1. That’s great, thanks for that! I might include some of this if needed.

      Roman military and urban and rural landscapes were more what I studied at uni so there is a big gap in my knowledge about some elements of daily life. It’s fascinating to research nonetheless!

  2. This was a really interesting read. I am seriously tempted to try the honey cakes, especially as I haven’t yet cooked with spelt and it is on my list of ‘baking things to do’. Thanks for sharing 🙂

    1. Thank you very much, I’m glad you enjoyed this one. As an archaeologist, it bothers me when historical fiction writers don’t get simple stuff right and I really enjoy researching finer points that add a dash of authenticity.

      1. It bugs the heck out of me when I read some ‘historically accurate’ fiction which patently isn’t! A little research goes a long way into turning me into a happy reader 😉

  3. You were right in the comment on my blog – I did miss this post! It’s fascinating for me on three levels – the food aspect, the market scenario, and the Roman/Turkish historical side. I understand your need for accuracy, balanced with not becoming too obsessive about it all. I went to Turkey on a holiday in 2013, after not having been for several years, specifically to note both sensory and physical detail for my novel. I focused on foods, landscape and atmosphere, scribbling wildly for two weeks – and I took in a couple of markets too. Since I take my characters to Ephesus, I went myself, a second visit, since my last was over 20 years previously. I laughed at your picture of the Thermopolium, as I immediately assumed them to be communal toilets – of which I had garnered several pictures. Communal toilets, sadly, didn’t make the final edit, but baklava did! Thanks so much for directing me to your post. I’m in awe of the thoroughness of your research.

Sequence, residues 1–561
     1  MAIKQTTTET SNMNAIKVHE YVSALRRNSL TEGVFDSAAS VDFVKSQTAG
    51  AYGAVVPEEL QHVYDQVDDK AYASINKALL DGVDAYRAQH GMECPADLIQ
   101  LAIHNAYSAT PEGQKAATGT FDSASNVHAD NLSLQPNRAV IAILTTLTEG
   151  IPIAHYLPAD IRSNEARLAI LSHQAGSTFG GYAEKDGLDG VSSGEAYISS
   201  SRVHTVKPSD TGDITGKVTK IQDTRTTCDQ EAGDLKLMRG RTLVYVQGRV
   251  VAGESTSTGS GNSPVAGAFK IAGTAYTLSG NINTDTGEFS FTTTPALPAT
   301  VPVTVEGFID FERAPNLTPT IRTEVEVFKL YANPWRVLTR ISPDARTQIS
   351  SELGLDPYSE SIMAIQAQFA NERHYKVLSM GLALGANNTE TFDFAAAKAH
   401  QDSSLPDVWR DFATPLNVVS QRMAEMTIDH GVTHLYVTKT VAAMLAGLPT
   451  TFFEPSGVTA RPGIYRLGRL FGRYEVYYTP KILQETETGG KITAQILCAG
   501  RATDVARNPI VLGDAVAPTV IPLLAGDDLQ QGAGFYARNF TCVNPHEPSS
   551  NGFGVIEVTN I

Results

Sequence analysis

1. Well, with an archaeology degree if I didn’t do a bit more research I think my uni mates (and maybe even lectures if they saw it) would drag me over the hot coals. Besides which, when it comes to elements of history and archaeology that are unfamiliar to me, I simply enjoy researching it.

      I’ve never been to Ephesus which is terrible because my brother owns a property near there!

      Thanks for your comment Jules 🙂